I visited my neighborhood Borders yesterday for some hands on time with the Kobo eBook reader. I was impressed by its really slim design and its responsiveness, a good buy at $99. After that I did my usual perusal of the manga section, looking for new volumes in series I follow and any other new titles that might be promising.

In particular, I was looking for Neon Genesis Evangelion: Campus Apocalypse Volume 2. I’d bought volume 1 there a few weeks ago and saw online that volume 2 had actually been out a while. I was a bit annoyed to see that volume 2 was still not there. I resigned myself to the likelihood I would have to order it online and went home.

Later I learned that Diamond Book Distributors had put all shipments to Borders on hold.  I’d already heard that Borders was negotiating with publishers to delay payment to them while they seek new financing. But this was the first I’d heard of shipments being stopped. Diamond distributes books for a number of manga publishers, including Dark Horse, the U.S. publisher of the manga I was looking for.

This situation leaves me no other choice than the online option for new manga. There aren’t any other bookstores nearby that carry new manga. If Borders goes under, it’s going to be a lot harder to find manga at retail. Fewer bookstores will make it more difficult for all publishers to sell books profitably.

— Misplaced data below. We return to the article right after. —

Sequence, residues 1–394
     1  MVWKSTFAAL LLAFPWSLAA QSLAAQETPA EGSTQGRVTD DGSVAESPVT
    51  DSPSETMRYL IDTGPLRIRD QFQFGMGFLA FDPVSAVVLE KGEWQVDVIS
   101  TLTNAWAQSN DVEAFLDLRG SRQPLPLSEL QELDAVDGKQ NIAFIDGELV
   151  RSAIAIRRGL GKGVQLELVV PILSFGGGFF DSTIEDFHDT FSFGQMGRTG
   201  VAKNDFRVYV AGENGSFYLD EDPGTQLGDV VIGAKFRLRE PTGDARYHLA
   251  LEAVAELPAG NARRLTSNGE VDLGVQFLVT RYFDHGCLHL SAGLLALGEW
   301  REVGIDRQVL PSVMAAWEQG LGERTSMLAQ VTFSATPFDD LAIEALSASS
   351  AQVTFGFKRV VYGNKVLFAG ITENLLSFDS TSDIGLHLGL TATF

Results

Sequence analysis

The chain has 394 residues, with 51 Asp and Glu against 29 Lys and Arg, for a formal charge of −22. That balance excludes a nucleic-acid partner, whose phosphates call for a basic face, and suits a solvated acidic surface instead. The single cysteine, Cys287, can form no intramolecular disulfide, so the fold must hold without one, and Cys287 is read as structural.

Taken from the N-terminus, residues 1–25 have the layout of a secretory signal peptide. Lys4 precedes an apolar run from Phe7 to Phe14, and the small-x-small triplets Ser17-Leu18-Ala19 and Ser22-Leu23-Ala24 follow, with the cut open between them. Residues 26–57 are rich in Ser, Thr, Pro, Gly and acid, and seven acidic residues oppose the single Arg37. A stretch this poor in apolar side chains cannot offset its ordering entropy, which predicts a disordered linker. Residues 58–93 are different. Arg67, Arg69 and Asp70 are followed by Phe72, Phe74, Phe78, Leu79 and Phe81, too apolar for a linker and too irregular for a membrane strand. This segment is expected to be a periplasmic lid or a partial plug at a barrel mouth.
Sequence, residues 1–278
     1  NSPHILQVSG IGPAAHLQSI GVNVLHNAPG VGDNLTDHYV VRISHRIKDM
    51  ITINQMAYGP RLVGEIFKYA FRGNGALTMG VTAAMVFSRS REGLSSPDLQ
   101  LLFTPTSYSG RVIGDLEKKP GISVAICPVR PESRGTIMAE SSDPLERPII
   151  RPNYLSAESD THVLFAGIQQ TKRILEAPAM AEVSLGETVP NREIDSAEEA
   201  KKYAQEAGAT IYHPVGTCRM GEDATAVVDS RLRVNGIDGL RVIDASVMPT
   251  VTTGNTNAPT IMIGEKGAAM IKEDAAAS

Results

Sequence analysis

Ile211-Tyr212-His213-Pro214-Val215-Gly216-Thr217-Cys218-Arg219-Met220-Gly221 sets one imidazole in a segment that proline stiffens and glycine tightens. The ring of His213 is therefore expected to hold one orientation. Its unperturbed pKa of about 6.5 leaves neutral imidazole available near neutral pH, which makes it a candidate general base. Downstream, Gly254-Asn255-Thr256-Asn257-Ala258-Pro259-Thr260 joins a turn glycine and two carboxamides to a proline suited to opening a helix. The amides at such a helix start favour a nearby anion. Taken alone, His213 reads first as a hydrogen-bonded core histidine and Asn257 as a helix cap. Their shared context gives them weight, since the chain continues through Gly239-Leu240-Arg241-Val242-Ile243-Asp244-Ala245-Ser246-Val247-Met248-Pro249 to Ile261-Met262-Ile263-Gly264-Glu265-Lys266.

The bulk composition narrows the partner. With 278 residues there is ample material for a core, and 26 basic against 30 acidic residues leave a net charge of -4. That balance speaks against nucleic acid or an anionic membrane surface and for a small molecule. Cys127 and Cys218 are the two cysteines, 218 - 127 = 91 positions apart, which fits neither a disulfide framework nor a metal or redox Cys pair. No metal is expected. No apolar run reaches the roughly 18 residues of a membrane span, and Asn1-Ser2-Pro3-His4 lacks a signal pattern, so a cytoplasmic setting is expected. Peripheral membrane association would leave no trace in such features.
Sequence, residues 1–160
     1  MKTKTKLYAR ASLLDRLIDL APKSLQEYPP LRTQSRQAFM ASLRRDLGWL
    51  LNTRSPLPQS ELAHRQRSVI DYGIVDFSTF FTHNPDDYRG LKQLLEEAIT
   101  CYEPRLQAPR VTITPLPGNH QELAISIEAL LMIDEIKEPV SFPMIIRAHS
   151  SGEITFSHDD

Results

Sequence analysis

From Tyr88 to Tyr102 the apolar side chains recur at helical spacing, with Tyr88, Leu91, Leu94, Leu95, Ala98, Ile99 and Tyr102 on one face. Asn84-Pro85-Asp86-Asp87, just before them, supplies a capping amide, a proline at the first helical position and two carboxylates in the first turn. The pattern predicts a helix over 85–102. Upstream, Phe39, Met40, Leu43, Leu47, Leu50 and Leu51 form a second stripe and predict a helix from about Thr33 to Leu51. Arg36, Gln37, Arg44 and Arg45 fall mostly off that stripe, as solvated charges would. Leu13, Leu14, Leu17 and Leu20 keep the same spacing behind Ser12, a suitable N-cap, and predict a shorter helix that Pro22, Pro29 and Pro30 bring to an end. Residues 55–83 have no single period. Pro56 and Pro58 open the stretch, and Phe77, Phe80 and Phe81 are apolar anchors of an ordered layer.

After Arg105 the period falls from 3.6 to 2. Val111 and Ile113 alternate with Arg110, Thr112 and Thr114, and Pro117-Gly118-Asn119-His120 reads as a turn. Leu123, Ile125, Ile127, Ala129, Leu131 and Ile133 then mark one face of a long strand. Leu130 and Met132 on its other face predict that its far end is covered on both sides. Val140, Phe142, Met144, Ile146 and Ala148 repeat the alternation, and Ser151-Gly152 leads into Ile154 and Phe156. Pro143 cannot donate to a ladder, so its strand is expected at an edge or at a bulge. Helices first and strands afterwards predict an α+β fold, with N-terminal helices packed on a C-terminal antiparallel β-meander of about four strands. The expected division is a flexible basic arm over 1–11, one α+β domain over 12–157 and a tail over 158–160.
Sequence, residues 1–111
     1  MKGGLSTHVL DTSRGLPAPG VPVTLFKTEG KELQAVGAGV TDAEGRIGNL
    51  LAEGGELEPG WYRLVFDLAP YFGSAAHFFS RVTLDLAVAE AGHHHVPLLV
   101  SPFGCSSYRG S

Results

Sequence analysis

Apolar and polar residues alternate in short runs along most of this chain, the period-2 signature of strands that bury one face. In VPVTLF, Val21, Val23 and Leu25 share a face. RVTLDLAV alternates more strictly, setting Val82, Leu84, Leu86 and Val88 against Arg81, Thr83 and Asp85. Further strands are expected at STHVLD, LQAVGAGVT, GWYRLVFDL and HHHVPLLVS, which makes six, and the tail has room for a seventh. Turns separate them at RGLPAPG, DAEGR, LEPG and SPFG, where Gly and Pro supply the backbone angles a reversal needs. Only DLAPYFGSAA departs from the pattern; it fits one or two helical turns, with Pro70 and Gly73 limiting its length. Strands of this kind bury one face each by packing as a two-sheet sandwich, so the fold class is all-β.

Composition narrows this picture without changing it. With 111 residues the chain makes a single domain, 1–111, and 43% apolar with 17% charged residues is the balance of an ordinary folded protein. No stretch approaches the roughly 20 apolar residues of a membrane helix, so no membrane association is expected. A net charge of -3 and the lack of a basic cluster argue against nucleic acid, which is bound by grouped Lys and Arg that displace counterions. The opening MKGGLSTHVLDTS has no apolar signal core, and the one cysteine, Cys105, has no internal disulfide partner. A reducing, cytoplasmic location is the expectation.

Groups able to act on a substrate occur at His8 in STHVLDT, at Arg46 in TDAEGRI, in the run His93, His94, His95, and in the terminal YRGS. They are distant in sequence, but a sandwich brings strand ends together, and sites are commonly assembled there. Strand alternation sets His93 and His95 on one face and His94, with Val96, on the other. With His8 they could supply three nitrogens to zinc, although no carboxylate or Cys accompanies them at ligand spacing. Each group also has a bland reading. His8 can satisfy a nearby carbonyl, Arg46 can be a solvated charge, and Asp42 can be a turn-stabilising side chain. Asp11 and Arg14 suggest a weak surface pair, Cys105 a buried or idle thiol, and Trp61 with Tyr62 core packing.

I think the shrinking number of bookstores is already a factor driving the adoption of eBooks. Graphic novels have been slower to come to the medium, in part due to their use of color. But manga are mostly black and white, they generally translate to eBook form very well. If shipments of most manga to Borders have already stopped, then perhaps we will see an accelerated move to the eBook format.

The situation for manga is further complicated by the very strong reluctance of Japanese publishers to embrace digital media. But the growth of iPad app versions of popular manga would indicate that they are changing their stance. And declining manga sales in Japan has increased the importance of sales outside of the country. A Borders collapse in the U.S. would be a big problem for Japanese manga publishers who are already facing the challenge of widely circulating illegal scans of their titles on the internet. Some of these scans have even been packaged up and sold in the Apple App Store!

In the end, the threat of piracy on one side and the collapse of a major bookseller on the other, will lead to more eBook manga. At this point, there’s no going back.